Modernization of Rail Transportation Technology and Infrastructure in the United States Kyle Pozan • email@example.com
Overview • A brief history of transportation in the United States. • A case for railroad regulation reform and the implementation of high-speed rail. • Current U.S. rail network. • Future U.S. Rail Plans • Potential Barriers to the Successful Development of a High-Speed Rail Network • Conventional high-speed rail. • Maglev rail transportation.
History of Transportation in the United States • The railroad revolutionized transportation in the United States. • Land grants and government subsidies allowed for the rapid expansion of rail transport in the U.S. • 2,000 miles of track were laid by 1840; 30,000 miles of track by the Civil War; 70,000 miles of track were laid in the 1880s alone.
By 1910, rail travel accounted for 95% of all intercity transportation. • In the 1920s, trains carried 1.2 billion passengers annually. • However, by the early 1930s, automobile travel had begun to make inroads in the rail passenger market. • Today, freight trains dominate the U.S. rail system.
The Birth of the Automobile • At the turn of the 20th century, the automobile was poised to change the face of transportation in the United States. • By 1910, over 200 automobile manufacturers were incorporated in the United States. • Aided by the Interstate Highway System under the Federal-Aid Highway Act of 1956, the automobile lead to mobility on a scale formerly unknown, playing a major role in urban sprawl.
The Rise of the Airline Industry • Like the Interstate Highway System, the airline industry has shrunk the vast distance that separates the Eastern and Western borders of the United States. • The The Civil Aeronautics Act of 1938 created the Civil Aeronautics Board, an organization authorized to oversee the airline industry. • Airline transportation took off when Congress deregulated the airline industry in 1978.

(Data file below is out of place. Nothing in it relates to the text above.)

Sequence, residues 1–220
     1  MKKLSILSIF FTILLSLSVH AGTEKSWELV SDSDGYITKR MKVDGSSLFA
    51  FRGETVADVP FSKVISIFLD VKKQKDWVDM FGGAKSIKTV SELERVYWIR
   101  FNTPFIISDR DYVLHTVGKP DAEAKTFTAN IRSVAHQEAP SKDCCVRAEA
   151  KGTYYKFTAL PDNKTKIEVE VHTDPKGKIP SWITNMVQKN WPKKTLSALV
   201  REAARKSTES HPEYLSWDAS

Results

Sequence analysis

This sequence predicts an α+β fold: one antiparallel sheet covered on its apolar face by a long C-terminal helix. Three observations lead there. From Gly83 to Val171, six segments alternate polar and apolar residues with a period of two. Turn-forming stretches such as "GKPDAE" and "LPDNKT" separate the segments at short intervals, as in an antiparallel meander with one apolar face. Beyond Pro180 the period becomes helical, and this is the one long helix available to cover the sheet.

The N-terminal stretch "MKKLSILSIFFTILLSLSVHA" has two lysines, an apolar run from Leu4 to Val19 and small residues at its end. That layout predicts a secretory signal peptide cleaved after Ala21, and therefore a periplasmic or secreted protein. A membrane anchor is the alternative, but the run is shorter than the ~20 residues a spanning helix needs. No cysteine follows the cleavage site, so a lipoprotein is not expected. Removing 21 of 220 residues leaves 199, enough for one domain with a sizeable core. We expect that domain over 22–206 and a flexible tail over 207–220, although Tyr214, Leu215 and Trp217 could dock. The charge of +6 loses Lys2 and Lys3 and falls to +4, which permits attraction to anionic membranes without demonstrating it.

Current Methods of Transit and Their Respective Issues • Currently, the three principal methods of transportation in the United States are inextricably tied to petroleum.
The U.S. Rail Network • Long-distance rail travel is not seen by many as a viable form of transportation in the United States. • While there are over 75 airlines in the U.S., only one major passenger rail company, Amtrak, is currently in operation. • Amtrak is federally owned. • Private investment in railroads is almost nonexistent.
Amtrak • The National Railroad Passenger Corporation, d/b/a Amtrak, is a government-owned intercity passenger rail service. • Amtrak service includes over 500 destinations.
Amtrak is considered to be one of the most energy-efficient forms of transportation. • There is ample room for improvement, however. • Criticisms of Amtrak • Seen as a bailout for corporate rail interests and union rail workers. • Criticized it as a waste of precious government funds. • Not a viable form of mass transportation.
The Acela has been a success, serving over 8,000 riders per day. • The Acela, however, operates at an average speed of 70 mph and is subject to numerous federal regulations that hamper its expansion. • It’s route is limited to the Northeastern Corridor.
Many criticism, however, are based on comparisons with European and Asian rail service. • A majority of passenger trains in the U.S. have a maximum operating speed of 79 mph., with the Acela being a notable exception. • U.S. trains are not as energy efficient as their European and Asian counterparts.
High-Speed Rail Projects • In January, President Obama announced an $8 billion award to states for the development of 13 new, large-scale high-speed rail corridors.1 • It is the largest investment in infrastructure since the Interstate Highway System was created under Eisenhower. • The plan also includes $1 billion annual allotment in the federal budget. • Allocations to continue annually for 5 years. 1 White House Press Release (Jan. 28, 2010).